Sometimes the solution to a problem has been in plain sight all the time. For example, while world leaders attending COP26 dithered over how to reduce reliance on fossil fuel, the U.S. Air Force has taken the initiative to explore powering Eielson Air Force Base in Alaska with the first practical nuclear “microreactor.” Similar small modular models have been powering Navy ships since 1954, when the first nuclear-powered submarine, USS Nautilus, was commissioned. According to the World Nuclear Association, such naval vessels are commonplace today. More than 160 ships are propelled by small reactors, some having more than one. The total number of oceangoing atomic power plants is more than 200.
The safety record for small U.S. nuclear reactors is flawless. As the World Nuclear Association points out, “The US Navy has accumulated over 6,200 reactor-years of accident-free experience involving 526 nuclear reactor cores over the course of 240 million kilometers [129.6 million nautical miles], without a single radiological incident, over a period of more than 50 years.”
At long last, microreactors are being planned to power military communities. World Nuclear News quoted Assistant Secretary for Environment, Safety, and Infrastructure Mark Correll, saying, “Microreactors are a promising technology for ensuring energy resilience and reliability and are particularly well-suited for powering and heating remote domestic military bases like Eielson Air Force Base.” According to James Conca, writing for Forbes:
“Eielson is currently powered by its own coal plant, which typically produces about 14 MWe (Megawatts), by burning up to 800 tons of coal each day. It also keeps 90 days’ supply on-site but needs a facility to thaw the coal, a liability in frozen environments that nuclear does not have. The base operates independently but can connect to the grid for uses such as frequency control.”
Eielson is not the only military installation hampered by the effects of extremely cold conditions during the winter. Numerous active-duty and reserve northern-tier military bases across the United States have the same limitations in securing reliable energy in a national emergency.
Congress has been interested in energy self-sufficiency for military bases to ensure readiness, and the Eielson project supports that goal. To that end, Congress included in the Fiscal Year 2022 National Defense Authorization Act the following legislative language:
“Not later than 180 days after the date of enactment of this Act, the Director of the Strategic Capabilities Office of the Department of Defense, in coordination with the Secretary of Energy, shall provide to the congressional defense committees a briefing on the development and current and predicted progress, of the ‘Project Pele’ effort to design, build, and demonstrate a prototype mobile nuclear microreactor.”
What are the microreactors planned for Eielson? The Government Accountability Office (GAO), in its Science, Technology Assessment, and Analytics publication, described them as “very small reactors usually generating less than 50 megawatts electric (MWe). They are seen as an alternative to small modular (50-300 MWe) or conventional reactors (often around 1,000 MWe).” The GAO goes on to explain that microreactors can be mobile and produced quickly, “and within weeks, transported and deployed to locations such as isolated military bases or communities affected by natural disasters.” Microreactors have the advantage of not emitting pollutants or carbon while producing electricity independently. As the GAO explained:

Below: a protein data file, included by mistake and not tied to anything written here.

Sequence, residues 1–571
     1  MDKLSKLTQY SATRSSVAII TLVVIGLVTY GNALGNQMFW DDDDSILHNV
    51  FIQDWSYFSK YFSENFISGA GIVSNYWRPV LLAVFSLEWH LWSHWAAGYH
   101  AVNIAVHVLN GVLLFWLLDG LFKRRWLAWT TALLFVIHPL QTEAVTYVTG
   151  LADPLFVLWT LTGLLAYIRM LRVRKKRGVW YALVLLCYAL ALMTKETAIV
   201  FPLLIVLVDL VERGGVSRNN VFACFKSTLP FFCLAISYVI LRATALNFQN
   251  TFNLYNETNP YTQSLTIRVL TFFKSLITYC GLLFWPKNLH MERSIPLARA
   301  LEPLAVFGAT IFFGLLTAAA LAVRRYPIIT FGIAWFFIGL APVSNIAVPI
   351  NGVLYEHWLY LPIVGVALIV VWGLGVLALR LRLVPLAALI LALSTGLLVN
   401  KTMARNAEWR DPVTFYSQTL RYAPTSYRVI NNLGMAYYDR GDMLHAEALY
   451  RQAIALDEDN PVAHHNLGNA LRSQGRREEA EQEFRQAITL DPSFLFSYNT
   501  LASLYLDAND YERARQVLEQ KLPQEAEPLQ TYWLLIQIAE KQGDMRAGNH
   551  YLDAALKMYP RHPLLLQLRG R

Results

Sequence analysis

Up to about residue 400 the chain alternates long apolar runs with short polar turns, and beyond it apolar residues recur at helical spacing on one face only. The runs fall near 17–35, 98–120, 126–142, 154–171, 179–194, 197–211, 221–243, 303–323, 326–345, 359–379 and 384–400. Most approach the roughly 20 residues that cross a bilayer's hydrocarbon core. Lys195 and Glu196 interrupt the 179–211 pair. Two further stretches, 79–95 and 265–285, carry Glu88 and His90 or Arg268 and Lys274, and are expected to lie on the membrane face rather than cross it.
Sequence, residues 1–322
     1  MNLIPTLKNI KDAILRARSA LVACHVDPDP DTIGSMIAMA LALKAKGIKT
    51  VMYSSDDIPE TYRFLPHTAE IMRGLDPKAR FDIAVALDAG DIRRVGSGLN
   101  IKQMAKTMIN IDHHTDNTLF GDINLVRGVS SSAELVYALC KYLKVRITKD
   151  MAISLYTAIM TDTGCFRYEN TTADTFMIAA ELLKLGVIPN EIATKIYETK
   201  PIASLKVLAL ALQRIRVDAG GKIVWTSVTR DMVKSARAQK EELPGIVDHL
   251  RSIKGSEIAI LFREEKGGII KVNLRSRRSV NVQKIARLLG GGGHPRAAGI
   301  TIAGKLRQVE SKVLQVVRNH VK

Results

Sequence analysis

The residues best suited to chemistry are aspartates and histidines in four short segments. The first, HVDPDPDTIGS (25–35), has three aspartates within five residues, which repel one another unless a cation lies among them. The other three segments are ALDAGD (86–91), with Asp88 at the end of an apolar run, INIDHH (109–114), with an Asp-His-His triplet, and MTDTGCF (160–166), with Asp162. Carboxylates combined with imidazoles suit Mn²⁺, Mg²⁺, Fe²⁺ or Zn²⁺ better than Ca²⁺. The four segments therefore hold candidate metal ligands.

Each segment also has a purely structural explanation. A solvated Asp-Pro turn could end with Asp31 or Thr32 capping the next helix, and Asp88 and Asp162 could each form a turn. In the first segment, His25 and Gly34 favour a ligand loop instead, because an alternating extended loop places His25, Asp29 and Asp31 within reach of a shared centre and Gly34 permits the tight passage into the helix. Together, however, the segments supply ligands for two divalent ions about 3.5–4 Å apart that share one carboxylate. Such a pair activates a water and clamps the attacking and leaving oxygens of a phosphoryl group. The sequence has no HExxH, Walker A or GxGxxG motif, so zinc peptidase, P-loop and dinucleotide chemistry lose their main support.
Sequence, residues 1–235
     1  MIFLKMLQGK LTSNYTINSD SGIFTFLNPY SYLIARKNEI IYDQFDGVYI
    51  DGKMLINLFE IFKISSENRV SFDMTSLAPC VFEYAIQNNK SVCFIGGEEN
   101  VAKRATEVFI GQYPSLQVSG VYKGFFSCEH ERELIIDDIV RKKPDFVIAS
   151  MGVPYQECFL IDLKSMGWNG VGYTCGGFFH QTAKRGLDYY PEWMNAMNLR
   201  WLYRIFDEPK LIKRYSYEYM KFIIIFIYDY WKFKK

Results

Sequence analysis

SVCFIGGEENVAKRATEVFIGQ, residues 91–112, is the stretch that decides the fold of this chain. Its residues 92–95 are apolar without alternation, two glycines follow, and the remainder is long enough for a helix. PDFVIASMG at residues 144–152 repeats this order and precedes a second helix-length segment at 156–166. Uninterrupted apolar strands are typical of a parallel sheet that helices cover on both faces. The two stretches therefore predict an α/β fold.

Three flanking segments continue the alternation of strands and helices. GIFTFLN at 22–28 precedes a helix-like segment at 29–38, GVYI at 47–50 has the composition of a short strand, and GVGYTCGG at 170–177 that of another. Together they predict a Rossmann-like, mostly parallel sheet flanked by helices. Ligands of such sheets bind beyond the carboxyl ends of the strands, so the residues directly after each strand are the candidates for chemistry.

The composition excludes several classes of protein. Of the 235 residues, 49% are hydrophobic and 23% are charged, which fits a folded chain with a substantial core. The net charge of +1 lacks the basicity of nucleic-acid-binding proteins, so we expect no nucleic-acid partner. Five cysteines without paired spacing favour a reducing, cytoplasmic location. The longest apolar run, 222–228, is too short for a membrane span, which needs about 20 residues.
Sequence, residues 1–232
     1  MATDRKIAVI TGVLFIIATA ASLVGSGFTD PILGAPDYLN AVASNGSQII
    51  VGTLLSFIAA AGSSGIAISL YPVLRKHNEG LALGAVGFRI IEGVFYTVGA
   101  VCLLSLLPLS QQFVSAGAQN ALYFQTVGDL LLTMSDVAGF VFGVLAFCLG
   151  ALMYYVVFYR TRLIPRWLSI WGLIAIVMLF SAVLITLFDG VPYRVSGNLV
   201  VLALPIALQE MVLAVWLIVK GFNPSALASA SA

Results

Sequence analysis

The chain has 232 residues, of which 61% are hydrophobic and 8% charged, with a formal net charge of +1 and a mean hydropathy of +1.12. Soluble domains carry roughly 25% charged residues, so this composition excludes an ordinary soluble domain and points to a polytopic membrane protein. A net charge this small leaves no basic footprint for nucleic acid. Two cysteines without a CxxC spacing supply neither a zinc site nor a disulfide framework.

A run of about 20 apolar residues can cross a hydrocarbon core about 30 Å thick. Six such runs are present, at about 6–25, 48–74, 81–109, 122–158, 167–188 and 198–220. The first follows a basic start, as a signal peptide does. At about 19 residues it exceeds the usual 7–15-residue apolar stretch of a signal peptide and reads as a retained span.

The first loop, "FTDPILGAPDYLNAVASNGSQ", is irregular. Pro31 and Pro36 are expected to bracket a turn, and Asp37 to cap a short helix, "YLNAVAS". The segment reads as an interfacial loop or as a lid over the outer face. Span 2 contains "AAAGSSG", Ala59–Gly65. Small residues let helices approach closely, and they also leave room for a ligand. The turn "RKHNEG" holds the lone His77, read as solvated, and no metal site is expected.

“Depending on the proposed design, microreactors would use either more mature conventional light water or less mature advanced reactor technologies. Many of the designs call for the use of fuel enriched up to 20% U-235 (high-assay, low-enriched uranium, or HALEU), which is currently unavailable in the commercial US market, and may also present proliferation and safety risks … Designs using light water cooling are nearing maturity, as they are based on components that are proven to be effective in large conventional reactors.”
The microreactors produce electricity just as the larger versions. A nuclear reaction creates heat that boils water, creating steam. The steam spins a turbine generator that provides electricity. When the GAO published its assessment of microreactors in February 2020, the article pointed out that the technology was in “the early stages of development.” With the benefit of time, Defense Department planners have scheduled the Eielson AFB project to be operating as a prototype in 2027.
The microreactor project will have significant government oversight to ensure safety provided by the Department of Energy and the Nuclear Regulatory Commission. Along with efficient production of electricity, the GAO explained, the microreactors can be produced more quickly, less expensively, and more efficiently, and “the entire reactor could be factory assembled under controlled environment conditions with quality control procedures.”
Developing and deploying nuclear reactors that produce clean energy, tailored to meet specific military base needs and furnish electricity to communities, is long overdue. The GAO put it this way: “… restoring power quickly following natural disasters would support the faster restoration of critical services such as hospitals, communications, and the water supply to the local community.” The winter freeze that left three million Texans without electricity when wind power failed is a recent case in point. Kudos to the Air Force for taking the lead in this important area.
The views expressed are those of the author and not of any other affiliation.
~ Read more from Dave Patterson.
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